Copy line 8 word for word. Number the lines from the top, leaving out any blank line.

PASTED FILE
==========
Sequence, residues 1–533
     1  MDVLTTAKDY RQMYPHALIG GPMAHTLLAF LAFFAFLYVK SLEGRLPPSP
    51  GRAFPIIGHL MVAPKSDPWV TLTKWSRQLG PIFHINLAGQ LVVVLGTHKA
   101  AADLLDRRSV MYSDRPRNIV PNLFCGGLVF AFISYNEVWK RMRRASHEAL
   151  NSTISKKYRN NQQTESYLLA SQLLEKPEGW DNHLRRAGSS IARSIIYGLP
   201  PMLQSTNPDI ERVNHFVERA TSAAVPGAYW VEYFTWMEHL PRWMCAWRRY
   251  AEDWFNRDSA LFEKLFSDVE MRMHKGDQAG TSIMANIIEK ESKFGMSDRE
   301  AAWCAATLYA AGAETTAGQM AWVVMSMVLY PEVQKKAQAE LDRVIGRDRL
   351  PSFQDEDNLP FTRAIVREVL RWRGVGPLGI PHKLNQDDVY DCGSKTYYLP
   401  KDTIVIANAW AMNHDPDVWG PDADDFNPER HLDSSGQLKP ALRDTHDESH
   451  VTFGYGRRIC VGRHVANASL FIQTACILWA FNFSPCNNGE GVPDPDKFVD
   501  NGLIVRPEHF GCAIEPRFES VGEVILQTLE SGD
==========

   301  AAWCAATLYA AGAETTAGQM AWVVMSMVLY PEVQKKAQAE LDRVIGRDRL